Which is better: sharing access to all health data across platforms so that interoperability is achieved, or protecting some data for the sake of privacy? Health data privacy experts Vince Kuraitis, founder of Better Health Technologies, and Deven McGraw, Chief Regulatory Officer at Ciitzen, are crowdsourcing opinions and insights on what they are calling The Health Data Goldilocks Dilemma. How much data protection is ‘juuuust right’? What should be regulated? And, by whom? The duo talks through their views on the data protection conversation and urge others to join in the conversation via their blog series called, “The Health Data Goldilocks Dilemma,” on The Health Care Blog.
Filmed at the HIMSS Health 2.0 Conference in Santa Clara, CA in September 2019.
Six finalists competed in an exciting live pitch for the Robert Wood Johnson Foundation’s 2019 Innovation Challenges at the 2019 Health 2.0 Annual Conference. They demoed their technologies in front of an audience of health care professionals, investors, provider organizations, and members of the media. The Home and Community Based Care Challenge sought technologies that support the advancement of at-home or community based care. The Social Determinants of Health Innovation Challenge called for solutions that increase access to services related to social determinants of health.
the 3-day Conference, Jessica DaMassa, Executive Producer & Host of
@WTF_Health, spoke with the finalists about their experience competing in the
RWJF Innovation Challenges, their personal highlights, and what’s next!
Home and Community Based Care
Innovation Challenge Finalists
Ooney’s home-based web-app for older adults, Prehab Pal, delivers individualized prehabilitation to accelerate postoperative functional recovery and return to independence after surgery.
Super-resolution* promises to be one of the most impactful medical imaging AI technologies, but only if it is safe.
Last week we saw the FDA approve the first MRI super-resolution product, from the same company that received approval for a similar PET product last year. This news seems as good a reason as any to talk about the safety concerns myself and many other people have with these systems.
Disclaimer: the majority of this piece is about medical super-resolution in general, and not about the SubtleMR system itself. That specific system is addressed directly near the end.
Super-resolution is, quite literally, the “zoom and enhance” CSI meme in the gif at the top of this piece. You give the computer a low quality image and it turns it into a high resolution one. Pretty cool stuff, especially because it actually kind of works.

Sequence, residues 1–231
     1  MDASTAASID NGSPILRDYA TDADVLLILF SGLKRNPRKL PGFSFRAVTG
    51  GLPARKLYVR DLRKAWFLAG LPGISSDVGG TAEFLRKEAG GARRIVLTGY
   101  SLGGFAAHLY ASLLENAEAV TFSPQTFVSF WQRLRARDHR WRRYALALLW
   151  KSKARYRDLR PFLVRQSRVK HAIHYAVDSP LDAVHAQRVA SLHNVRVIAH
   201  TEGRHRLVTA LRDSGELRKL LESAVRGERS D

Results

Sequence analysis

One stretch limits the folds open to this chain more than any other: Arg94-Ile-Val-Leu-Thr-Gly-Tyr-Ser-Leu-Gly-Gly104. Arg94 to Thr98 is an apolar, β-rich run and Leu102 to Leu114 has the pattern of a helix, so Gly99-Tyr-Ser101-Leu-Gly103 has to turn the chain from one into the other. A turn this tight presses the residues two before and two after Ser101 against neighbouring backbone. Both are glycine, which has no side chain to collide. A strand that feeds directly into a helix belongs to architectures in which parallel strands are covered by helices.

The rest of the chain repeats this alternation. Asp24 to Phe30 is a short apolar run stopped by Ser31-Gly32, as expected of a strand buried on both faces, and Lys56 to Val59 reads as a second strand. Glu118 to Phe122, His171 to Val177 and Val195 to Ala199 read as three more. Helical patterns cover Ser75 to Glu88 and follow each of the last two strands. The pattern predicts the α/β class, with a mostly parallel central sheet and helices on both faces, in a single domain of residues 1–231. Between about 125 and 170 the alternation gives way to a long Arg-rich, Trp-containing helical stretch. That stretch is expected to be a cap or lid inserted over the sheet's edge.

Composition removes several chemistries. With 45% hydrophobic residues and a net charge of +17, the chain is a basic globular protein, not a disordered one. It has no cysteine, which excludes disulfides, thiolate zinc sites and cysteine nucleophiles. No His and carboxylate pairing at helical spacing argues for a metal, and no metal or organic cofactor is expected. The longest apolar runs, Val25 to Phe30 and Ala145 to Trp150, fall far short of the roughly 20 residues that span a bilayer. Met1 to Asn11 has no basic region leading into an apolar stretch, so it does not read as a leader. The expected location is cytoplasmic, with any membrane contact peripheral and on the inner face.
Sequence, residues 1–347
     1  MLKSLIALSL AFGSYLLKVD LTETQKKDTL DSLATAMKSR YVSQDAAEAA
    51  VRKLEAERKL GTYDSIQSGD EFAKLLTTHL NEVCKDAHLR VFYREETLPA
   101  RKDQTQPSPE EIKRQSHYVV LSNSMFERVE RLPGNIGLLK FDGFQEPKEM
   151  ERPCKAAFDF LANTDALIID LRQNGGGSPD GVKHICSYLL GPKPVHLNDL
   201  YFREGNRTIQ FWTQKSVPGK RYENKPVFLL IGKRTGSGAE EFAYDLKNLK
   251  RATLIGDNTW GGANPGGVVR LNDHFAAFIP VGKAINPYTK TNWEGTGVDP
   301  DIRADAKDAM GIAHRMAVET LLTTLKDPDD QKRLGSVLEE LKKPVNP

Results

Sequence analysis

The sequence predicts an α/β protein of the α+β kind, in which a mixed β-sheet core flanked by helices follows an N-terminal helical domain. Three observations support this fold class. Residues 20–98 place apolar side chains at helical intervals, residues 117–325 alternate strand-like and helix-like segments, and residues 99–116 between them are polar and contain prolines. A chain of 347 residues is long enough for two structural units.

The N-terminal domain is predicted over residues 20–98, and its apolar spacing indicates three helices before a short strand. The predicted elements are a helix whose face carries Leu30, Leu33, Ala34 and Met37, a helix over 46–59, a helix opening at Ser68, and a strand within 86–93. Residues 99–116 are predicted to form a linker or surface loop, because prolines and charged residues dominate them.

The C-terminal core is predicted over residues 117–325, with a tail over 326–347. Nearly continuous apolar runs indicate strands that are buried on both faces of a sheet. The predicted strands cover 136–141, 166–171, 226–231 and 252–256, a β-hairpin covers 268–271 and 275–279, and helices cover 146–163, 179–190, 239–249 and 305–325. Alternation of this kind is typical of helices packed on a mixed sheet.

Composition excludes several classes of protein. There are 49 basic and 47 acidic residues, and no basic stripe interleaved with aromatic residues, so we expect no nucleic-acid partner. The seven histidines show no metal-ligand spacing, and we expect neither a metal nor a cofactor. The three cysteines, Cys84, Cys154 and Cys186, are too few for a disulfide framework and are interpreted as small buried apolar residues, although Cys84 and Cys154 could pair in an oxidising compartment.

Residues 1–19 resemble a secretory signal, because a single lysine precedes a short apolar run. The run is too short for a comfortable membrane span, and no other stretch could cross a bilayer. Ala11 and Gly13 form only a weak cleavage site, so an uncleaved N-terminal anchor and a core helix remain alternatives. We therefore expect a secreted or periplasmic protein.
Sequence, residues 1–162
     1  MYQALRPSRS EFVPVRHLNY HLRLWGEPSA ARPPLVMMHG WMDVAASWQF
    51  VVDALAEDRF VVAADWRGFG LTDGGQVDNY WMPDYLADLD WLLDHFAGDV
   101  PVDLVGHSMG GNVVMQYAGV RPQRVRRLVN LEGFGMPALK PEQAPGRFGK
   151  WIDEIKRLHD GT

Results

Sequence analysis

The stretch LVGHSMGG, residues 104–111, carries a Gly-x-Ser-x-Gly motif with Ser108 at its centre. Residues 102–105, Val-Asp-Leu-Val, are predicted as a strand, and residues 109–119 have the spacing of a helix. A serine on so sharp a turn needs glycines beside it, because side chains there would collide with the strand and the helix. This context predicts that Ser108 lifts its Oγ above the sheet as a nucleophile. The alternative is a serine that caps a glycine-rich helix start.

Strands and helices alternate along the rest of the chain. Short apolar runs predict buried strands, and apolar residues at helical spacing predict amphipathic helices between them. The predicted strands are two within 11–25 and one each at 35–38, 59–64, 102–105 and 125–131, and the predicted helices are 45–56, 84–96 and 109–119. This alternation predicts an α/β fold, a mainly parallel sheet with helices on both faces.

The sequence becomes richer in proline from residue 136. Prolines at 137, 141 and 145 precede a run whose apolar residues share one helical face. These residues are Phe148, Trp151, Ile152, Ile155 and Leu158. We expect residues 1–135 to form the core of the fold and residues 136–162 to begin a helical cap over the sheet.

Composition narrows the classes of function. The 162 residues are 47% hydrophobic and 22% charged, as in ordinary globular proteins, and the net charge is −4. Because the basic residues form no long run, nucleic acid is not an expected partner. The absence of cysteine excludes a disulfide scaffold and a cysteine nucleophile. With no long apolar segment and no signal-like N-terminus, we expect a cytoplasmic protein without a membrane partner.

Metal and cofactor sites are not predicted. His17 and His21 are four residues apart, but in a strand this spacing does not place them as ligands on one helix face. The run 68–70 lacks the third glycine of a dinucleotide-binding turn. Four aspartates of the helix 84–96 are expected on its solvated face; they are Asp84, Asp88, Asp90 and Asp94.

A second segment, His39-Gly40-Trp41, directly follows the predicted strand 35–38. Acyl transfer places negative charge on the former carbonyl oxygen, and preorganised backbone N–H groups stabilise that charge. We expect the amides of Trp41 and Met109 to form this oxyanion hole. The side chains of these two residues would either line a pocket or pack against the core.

In medical imaging though, it’s better than cool. You ever wonder why an MRI costs so much and can have long wait times? Well, it is because you can only do one scan every 20-30 minutes (with some scans taking an hour or more). The capital and running costs are only spread across one to two dozen patients per day.
So what if you could get an MRI of the same quality in 5 minutes? Maybe two to five times more scans (the “getting patient ready for the scan” time becomes the bottleneck), meaning less cost and more throughput.
There are many public health
conferences that focus on young people, or that center around youth issues, but
very few that actually include the young people’s voices that we are claiming
to uplift as public health professionals.
There are also very few conferences
that emphasize innovation in healthcare, that are pointed towards solutions
rather than discussing problems at length without clear ways of solving them.
These core issues are at the heart of the annual YTH Live conference. Each year (we’re on our twelfth!), we showcase the boldest technologies in health and cutting-edge research in all facets of youth health and wellness. We also have attendees that range from IT professionals to high school students, with over 25% of last year’s attendees and speakers being young people themselves.
YTH’s Communications Coordinator
Erin McKelle has first-hand experience of this. “I first attended YTH Live when
I was a senior in high school. It was the first conference I ever spoke at and
all of my fears about being the only young person in the room were quickly put
to rest, once I saw that YTH plans a youth conference that actually centers
around youth voices,” she says. “I’m proud to now be working for the
organization years later, after serving on the Youth Advisory Board, paying the
mission of youth empowerment forward to the next generation of youth leaders.”